Who Should (And Shouldn’t) Go to Law School

Yesterday’s New York Times article about the depreciating value of a law degree is presently number one on the Times’ “most emailed” list.  My fervent hope is that the article is being forwarded not just to lawyers, but also to individuals who are considering whether to join a 1L class in 2010.

Because I am visiting at another law school this semester, I don’t have to attend any admissions events this spring.  Yet I’ve been thinking hard about what advice I would give prospective students and this is where I’ve landed:  Only go to law school next year if (1) you have always dreamed of being a lawyer; or (2) you are accepted by a very prestigious institution; or (3) you are offered a full scholarship.

This is not advice I’ve arrived at easily.  Fifteen years ago, such advice likely would have discouraged me from even considering law school.   But the economics of my decision are likely very different from the economics of the decisions that will be made this spring.  I went to a state university and graduated without a penny of debt.  Partly this was because I worked for three years after college and managed to save money, but mostly it was because my in-state tuition averaged about $5,000 per year.   Today, in-state tuition at the same institution would cost more than $16,000 per year.  If I went to a private school in the metropolitan area where I usually teach, I’d be looking at a yearly tuition of about $45,000.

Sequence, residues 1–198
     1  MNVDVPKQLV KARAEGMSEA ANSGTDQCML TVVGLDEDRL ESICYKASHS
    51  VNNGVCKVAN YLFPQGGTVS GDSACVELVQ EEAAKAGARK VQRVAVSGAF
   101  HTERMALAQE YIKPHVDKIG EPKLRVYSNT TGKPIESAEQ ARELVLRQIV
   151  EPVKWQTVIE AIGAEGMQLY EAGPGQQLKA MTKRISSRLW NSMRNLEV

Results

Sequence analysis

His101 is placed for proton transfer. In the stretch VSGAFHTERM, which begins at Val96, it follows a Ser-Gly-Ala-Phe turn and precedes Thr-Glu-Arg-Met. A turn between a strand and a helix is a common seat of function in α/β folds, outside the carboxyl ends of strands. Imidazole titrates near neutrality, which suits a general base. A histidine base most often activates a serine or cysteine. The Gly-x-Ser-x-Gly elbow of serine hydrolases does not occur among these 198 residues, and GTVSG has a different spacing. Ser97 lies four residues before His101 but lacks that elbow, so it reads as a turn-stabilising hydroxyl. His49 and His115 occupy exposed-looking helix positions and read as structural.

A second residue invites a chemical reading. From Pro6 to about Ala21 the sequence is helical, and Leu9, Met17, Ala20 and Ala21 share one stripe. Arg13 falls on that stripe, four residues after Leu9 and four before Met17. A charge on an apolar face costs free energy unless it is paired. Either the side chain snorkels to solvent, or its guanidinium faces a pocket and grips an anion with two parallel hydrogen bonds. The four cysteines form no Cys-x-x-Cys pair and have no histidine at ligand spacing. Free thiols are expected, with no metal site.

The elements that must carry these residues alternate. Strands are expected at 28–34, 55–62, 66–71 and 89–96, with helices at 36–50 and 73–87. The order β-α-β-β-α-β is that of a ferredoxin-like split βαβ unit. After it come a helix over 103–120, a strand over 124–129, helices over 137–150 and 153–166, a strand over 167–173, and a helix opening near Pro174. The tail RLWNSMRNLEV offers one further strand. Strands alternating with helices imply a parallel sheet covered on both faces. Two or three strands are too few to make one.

Tuition has been rising steadily for some time now.  There is a perennial worry about whether prospective students understand what it is like to be a practicing lawyer or what the law firm jobs that enable them to pay off their debt really entail.  But now there is an additional and even more serious concern about whether and to what extent graduating students will have legal opportunities in the first instance.  As the Times article suggests, this concern encompasses both opportunities in private law firms and in the public sector, including some of the “public interest” jobs that students have traditionally taken to qualify for federal debt forgiveness programs.